We paused in Munich’s Marienplatz at Noon to watch the beautiful Glokenspiel (clock) in the City Tower. The clock shows two events from Munich’s city history. On the Glokenspiel’s top floor, the wedding of Duke Wilhelm V and Renate of Lorraine, celebrated in February 1568. In honor of the bride and groom, a jousting tournament took place on Marienplatz. The Bavarian knight triumphed over his opponent from Lorraine.
The lower floor shows the Schäffler dance. After a severe plague epidemic, the barrel makers are said to have been the first to venture out into the streets again, dancing to amuse the plague-stricken population.
Maximilian II had already had paths and lookout points constructed in the area around Hohenschwangau in order to be able to enjoy the scenery. In the 1840s, as a birthday present for his mountain-climbing consort Marie, he had the bridge, the “Marienbrücke”, built high above the Pöllat Gorge.
“New Hohenschwangau Castle” (it only acquired the name of “Neuschwanstein” after the death of the king). It was to be a better recreation of an ideal medieval castle than Hohenschwangau.
Crown Prince Maximilian II of Bavaria, Ludwig II’s father, had the ruined castle of Schwanstein rebuilt from 1832 in the “Gothic style”. The young Ludwig was influenced by the romantic mountain scenery and the summer castle became one of his favourite places to stay.
Hohenschwangau was decorated with scenes from medieval legends and poetry, including the legend of the swan knight Lohengrin. Ludwig identified himself when still a boy with Lohengrin, to whom Richard Wagner dedicated a romantic opera in 1850.
Ludwig II, who was crowned king in 1864, began his building activities in 1867/68 by redesigning his rooms in the Munich Residenz and laying the foundation stone of Neuschwanstein Castle. In 1868 he was already making his first plans for Linderhof. However, neither the palace modelled on Versailles that was to be sited on the floor of the valley nor the large Byzantine palace envisaged by Ludwig II were ever built.
Instead, the new building developed around the forester’s house belonging to his father Maximilian II, which was located in the open space in front of the present palace and was used by the king when crown prince on hunting expeditions with his father. Linderhof Palace, the eventual result of a long period of building and rebuilding, is the only large palace King Ludwig II lived to see completed.
We spent the night in Munich before heading to Oberammergau after breakfast. Oberammergau is a lovely village with so much medieval charm. There are many quaint shops, a museum, Lutheran church, and woodcarving workshop.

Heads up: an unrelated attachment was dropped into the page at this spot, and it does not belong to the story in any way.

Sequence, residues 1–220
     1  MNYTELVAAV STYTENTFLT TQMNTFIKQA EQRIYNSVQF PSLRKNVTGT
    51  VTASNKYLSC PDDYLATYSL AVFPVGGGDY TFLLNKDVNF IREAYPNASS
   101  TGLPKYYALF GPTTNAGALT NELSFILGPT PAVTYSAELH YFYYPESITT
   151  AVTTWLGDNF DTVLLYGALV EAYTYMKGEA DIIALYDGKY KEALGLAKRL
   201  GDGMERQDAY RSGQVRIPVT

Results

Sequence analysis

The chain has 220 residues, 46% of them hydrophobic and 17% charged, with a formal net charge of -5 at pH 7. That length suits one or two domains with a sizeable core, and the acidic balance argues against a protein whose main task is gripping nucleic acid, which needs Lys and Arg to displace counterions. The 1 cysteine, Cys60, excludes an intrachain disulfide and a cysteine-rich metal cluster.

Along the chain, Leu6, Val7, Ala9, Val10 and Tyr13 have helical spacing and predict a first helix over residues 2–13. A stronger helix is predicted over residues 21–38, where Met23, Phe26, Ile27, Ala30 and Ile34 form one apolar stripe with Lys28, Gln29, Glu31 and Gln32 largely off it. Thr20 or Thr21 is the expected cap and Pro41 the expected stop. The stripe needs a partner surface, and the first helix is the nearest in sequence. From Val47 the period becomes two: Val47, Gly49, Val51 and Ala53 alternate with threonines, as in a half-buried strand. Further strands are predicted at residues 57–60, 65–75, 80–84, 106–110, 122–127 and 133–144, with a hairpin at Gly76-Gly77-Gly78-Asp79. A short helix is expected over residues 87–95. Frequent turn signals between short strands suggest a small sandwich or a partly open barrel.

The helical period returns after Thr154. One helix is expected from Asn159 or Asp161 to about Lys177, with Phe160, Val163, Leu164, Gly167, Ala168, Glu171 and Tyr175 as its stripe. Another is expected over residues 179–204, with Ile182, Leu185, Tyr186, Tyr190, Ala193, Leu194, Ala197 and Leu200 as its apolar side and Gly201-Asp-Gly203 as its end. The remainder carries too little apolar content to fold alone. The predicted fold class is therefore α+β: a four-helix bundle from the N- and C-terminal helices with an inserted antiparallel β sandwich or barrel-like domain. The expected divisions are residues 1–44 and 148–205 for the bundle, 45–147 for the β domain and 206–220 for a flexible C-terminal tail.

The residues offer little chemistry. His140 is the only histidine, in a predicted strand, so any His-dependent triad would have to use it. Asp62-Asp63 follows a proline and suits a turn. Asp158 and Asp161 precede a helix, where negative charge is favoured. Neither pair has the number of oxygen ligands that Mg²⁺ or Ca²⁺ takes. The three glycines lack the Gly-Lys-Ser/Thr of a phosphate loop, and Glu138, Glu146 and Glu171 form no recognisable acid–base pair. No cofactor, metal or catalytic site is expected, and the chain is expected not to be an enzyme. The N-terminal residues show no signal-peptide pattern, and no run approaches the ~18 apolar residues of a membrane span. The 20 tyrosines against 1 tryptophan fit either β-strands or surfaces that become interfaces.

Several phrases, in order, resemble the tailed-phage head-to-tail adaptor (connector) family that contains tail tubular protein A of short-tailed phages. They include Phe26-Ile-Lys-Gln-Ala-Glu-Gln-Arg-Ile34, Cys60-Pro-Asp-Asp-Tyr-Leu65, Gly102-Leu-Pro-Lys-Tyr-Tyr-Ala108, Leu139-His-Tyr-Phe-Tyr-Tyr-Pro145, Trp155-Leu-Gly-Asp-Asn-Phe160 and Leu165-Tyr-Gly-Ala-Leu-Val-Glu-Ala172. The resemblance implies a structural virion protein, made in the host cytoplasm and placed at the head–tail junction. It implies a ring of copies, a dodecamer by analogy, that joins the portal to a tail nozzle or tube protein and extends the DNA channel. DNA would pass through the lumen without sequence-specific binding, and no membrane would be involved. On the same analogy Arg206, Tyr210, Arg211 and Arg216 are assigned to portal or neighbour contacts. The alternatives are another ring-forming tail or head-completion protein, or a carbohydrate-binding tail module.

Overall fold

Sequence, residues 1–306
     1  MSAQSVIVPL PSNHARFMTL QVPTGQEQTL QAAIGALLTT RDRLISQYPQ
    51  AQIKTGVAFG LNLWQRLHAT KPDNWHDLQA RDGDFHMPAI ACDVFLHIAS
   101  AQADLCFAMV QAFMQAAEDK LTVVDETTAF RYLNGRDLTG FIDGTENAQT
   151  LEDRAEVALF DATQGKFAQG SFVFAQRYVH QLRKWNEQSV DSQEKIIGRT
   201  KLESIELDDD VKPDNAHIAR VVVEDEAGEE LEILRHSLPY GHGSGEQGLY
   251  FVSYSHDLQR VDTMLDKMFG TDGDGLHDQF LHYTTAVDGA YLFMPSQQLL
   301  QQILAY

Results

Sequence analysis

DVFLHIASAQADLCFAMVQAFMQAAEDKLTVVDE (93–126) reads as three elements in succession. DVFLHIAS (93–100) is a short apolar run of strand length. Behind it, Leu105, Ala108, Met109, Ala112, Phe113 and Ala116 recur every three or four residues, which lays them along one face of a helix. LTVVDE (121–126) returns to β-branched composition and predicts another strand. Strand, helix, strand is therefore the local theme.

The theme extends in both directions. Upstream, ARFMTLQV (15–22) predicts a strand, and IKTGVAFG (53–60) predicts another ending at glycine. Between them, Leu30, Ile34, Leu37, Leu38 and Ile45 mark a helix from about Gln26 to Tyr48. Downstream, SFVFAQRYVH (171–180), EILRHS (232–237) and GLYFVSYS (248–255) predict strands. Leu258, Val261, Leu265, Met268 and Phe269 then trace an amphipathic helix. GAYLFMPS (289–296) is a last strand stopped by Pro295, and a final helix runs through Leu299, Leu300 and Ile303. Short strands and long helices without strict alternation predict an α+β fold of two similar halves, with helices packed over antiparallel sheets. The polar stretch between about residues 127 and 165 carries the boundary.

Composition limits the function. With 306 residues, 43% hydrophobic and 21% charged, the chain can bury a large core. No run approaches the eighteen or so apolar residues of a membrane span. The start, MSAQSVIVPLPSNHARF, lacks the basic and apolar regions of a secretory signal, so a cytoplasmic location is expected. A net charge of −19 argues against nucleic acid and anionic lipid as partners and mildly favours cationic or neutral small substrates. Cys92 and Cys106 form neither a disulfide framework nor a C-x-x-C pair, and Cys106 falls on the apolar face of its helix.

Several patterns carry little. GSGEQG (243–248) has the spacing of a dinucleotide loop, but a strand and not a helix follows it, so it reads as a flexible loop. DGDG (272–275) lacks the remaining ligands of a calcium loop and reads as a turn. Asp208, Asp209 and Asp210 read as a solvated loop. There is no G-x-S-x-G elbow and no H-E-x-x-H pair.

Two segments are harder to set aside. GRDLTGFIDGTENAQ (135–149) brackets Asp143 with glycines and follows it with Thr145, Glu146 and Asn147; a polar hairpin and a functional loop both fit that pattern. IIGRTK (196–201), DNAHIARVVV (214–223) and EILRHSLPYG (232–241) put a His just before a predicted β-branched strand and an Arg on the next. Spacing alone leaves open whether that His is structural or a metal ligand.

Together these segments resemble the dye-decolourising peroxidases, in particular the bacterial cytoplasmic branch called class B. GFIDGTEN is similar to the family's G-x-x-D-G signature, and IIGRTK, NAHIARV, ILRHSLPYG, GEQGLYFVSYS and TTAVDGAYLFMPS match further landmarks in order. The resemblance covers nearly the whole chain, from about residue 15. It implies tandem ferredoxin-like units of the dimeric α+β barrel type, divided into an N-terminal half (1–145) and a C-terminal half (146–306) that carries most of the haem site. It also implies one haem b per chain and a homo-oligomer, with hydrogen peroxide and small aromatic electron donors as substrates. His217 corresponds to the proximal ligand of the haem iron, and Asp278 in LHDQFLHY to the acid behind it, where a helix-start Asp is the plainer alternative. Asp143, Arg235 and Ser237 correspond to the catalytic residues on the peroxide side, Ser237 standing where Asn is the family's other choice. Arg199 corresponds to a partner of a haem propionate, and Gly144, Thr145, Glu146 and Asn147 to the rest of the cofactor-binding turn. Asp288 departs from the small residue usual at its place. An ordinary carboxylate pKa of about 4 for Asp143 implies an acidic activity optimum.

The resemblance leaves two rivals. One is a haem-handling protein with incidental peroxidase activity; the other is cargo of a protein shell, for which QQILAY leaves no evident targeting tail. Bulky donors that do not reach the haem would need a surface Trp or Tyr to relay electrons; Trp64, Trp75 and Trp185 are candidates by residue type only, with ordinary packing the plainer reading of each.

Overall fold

Some of our group attended the morning service at the Lutheran Church, and our very own Pastor John Heckmann was invited to do the Gospel readings. It was a lovely, spirit-filled, and peace-filled service with a kind pastor and extraordinary organist. Attending that church service was truly one of the trip’s highlights for me personally.
The Passion Play
Then it was time to attend the Passion Play! The whole town organizes it’s meal schedules and staff around showtime so that everyone can participate serving behind the scenes or actually taking part in the play itself.
The history of the Oberammergau Passion Play begins in 1633. In the midst of the Thirty Years’ War, after months of suffering and dying from the plague, the people of Oberammergau pledged to act out the play of the suffering, death and resurrection of our Lord, Jesus Christ once every 10 years. The promise has been kept until this year when it had to postponed from 2020 to 2022 due to COVID.
The entire play is delivered in German, however the text book is all in English and is very easy to follow. It tells about the choir, what music they are singing, and the dialogue of the actors so that you always know where they are in the storyline.
No pictures are allowed during the five hour performance (split into two segments with a long intermission in between), but their website has beautiful pictures to peruse.
I snapped a few of the venue and scenery before the play actually began. It is covered, but not enclosed, so be sure to bundle up if it is cold. We had blankets for our laps, winter coats, mittens, scarves and warm socks to keep warm. Here we are!
The next morning, we headed to the airport bound for home in the United States. Walking in Luther’s footsteps was truly an amazing learning adventure. God used Luther in significant ways in the church, and the work that Luther and his fellow reformers did still carries the Protestant churches today.